Women equal men in computing skill, but are less confident: Study

In the workplace, women are as good as men in computing performance, but there is still a gender gap when it comes to confidence, according to new research.

Let’s just start by examining a statement that says, “Women just aren’t interested in computers.” Don’t you feel there is something wrong with the sentence that needs to be recognised. To dissect the problem, it is important to understand, why women are under-represented in the tech sector? Why do women avoid studying computer science?

According to a new research, women are as good as men when it comes to computing performance, but there is still a gender gap when it comes to confidence. Despite having the same abilities as men, many women fail to achieve as highly in the corporate world mainly due to the lack of confidence in their own abilities. 

The experiment and its findings:

During the experiment, the study participants were randomly assigned basic, intermediate, and advanced problems on laptops, tablets, and mobile devices. There was no difference in the performance between men and women in the total number of questions answered correctly or the time taken to answer the questions.

In only one scenario did men perform slightly better – while completing a basic task, on a tablet, while seated (76.3 percent correct for men versus 64 percent correct for women). Otherwise, women and men performed equally. There was also a statistically significant difference, in how men and women rated their own performance. Women were less confident of their answers in all scenarios – 3.5 for women versus 3.88 for men on a scale of 1 to 5.

Gender gap in STEM fields:

Technology companies recognise the significant gender imbalance in their workforce, and many are taking steps to recruit more women. But the unfortunate truth is that women’s participation is still dominantly invisible in the field.

With a rapid expansion of employment in Science, Technology, Engineering, and Math (STEM) areas, the number of women professionals is still less. Lack of confidence is one of the elementary reasons for the well-known gender gap in STEM fields. The proportion of women contributors in STEM fields is around 24 percent even though women make up almost 50% of the overall workforce.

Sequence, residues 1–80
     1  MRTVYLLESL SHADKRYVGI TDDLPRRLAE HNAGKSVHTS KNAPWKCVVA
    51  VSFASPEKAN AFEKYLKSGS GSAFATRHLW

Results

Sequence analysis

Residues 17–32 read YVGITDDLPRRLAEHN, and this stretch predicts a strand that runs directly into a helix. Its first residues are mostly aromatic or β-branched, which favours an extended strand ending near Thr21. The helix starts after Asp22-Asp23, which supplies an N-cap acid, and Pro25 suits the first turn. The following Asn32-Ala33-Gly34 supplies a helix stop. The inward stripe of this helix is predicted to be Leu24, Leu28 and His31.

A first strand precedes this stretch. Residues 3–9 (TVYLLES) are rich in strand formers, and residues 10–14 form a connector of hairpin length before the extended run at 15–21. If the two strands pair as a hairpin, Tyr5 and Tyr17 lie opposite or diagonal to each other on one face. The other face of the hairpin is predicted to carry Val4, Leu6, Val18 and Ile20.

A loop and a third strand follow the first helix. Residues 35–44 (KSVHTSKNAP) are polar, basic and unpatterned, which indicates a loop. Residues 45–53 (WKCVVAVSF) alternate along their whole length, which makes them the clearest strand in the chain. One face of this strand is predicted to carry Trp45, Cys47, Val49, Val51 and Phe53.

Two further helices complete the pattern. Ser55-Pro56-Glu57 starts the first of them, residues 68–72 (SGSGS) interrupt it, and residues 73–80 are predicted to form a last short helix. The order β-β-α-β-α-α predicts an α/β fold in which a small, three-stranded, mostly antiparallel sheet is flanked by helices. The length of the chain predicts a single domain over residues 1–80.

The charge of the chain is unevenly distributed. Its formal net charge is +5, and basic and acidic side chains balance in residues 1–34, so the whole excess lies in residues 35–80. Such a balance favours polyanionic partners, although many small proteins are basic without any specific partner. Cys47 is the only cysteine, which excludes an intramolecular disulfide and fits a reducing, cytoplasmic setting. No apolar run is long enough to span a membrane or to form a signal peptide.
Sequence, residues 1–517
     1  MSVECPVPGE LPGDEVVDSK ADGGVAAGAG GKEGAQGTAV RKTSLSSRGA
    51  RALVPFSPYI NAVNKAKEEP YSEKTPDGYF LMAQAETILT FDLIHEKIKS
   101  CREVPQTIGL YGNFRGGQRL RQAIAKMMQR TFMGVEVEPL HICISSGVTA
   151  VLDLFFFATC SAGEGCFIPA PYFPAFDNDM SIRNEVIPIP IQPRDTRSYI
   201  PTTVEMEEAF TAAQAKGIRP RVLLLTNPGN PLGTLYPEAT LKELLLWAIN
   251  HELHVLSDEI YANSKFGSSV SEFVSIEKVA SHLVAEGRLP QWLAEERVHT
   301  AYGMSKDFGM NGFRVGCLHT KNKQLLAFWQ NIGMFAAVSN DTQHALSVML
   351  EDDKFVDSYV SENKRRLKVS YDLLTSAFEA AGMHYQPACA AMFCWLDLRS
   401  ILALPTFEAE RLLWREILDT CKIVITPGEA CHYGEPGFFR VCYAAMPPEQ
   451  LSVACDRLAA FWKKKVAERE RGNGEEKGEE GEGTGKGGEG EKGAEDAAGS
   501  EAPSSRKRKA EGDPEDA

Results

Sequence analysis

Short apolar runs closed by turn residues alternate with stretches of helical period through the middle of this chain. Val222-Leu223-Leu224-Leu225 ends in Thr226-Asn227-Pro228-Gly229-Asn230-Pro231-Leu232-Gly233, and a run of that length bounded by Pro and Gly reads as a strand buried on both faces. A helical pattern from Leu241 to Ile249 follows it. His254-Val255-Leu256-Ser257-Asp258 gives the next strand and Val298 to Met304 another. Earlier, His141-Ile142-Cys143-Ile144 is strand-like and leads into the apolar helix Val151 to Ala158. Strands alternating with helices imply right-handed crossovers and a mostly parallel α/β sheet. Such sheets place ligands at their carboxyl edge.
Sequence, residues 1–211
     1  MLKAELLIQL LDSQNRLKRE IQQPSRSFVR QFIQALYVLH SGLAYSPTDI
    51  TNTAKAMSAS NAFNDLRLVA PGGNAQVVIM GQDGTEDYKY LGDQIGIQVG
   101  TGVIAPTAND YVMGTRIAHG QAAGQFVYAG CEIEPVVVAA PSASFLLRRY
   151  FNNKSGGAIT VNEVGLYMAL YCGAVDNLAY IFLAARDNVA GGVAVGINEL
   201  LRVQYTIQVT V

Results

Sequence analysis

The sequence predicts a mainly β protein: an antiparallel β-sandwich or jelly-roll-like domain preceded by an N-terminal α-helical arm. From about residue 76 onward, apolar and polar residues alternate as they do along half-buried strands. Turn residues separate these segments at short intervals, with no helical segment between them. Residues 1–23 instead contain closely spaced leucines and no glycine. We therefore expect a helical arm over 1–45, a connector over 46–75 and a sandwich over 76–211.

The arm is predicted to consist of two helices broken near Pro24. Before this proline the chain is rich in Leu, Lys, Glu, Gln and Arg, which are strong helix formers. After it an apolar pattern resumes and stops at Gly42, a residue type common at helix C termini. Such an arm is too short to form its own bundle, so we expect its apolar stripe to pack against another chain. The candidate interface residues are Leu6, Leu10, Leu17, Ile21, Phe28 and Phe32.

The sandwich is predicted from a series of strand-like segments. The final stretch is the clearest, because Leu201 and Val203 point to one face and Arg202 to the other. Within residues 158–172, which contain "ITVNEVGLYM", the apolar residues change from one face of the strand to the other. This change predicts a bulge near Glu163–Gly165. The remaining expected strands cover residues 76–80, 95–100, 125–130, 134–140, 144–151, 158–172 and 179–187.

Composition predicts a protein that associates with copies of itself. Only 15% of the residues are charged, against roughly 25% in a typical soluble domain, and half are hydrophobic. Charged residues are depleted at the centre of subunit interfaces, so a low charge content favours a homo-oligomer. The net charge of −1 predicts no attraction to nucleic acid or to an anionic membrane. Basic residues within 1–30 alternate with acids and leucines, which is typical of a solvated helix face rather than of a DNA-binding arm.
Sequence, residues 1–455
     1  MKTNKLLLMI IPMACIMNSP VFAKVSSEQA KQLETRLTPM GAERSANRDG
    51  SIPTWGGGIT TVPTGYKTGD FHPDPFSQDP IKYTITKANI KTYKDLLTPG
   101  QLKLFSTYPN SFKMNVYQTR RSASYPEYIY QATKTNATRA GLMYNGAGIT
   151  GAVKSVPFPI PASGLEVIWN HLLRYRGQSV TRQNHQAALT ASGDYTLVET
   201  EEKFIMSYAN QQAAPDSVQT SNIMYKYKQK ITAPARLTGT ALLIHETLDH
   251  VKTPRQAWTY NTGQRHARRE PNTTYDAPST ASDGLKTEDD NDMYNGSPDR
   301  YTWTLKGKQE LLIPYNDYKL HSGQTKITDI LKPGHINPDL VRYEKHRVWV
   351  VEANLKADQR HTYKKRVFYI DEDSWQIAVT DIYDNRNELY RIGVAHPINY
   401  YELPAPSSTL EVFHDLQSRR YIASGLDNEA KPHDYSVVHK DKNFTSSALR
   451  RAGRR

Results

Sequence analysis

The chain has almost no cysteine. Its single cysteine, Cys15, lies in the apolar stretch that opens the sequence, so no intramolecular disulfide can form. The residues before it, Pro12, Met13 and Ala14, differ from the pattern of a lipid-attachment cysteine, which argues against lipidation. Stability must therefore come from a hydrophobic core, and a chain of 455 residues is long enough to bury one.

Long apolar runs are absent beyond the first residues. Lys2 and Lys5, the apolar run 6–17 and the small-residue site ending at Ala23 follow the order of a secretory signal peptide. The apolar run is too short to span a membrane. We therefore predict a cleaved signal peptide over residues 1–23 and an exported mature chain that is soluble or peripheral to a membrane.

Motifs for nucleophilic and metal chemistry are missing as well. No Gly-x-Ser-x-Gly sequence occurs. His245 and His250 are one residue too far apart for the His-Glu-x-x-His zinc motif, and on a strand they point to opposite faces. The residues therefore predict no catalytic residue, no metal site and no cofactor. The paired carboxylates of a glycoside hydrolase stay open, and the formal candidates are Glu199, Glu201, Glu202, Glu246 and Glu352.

No one knows for sure why women with demonstrably the same computing skills as men are less confident. This lack of confidence has been found in other STEM-related areas as well.

The existing stereotypes:

Women in computing do exist, but there are still certain stereotypes that are hard to overcome. For example, one study done on university students found that among men and women who performed equally well in mathematics courses, women perceived themselves to be significantly worse at maths than their male counterparts.

While some researchers also found that technical skills were more consistently stereotyped by both men and women than the non-technical skills. Studies also proved that women tend to lack confidence with technology and its learnings.

The pervasive bias against females:

Technology jobs are often viewed as populated by men. Women severely under-estimate their abilities in many areas, and the gender gap is often attributed to cultural and institutional bias against women, especially in the technology sector. Societal pressure for women to avoid computing begins at an extremely early age. It is sometimes predefined as to which jobs are for men and which jobs are for women.

The biasness that females face since childhood that it is hard for them to use computers or any other technology just because they belong to a particular gender. This behaviour makes them a technology handicap later in life, affecting their confidence. This lack of confidence often puts them on a backseat leading them to disregard their abilities.

Educators and administrators must work to identify and attack the unconscious bias that is impeding the success and eroding the confidence of most promising females. It is important to address gender issues in STEM areas to promote women’s participation.

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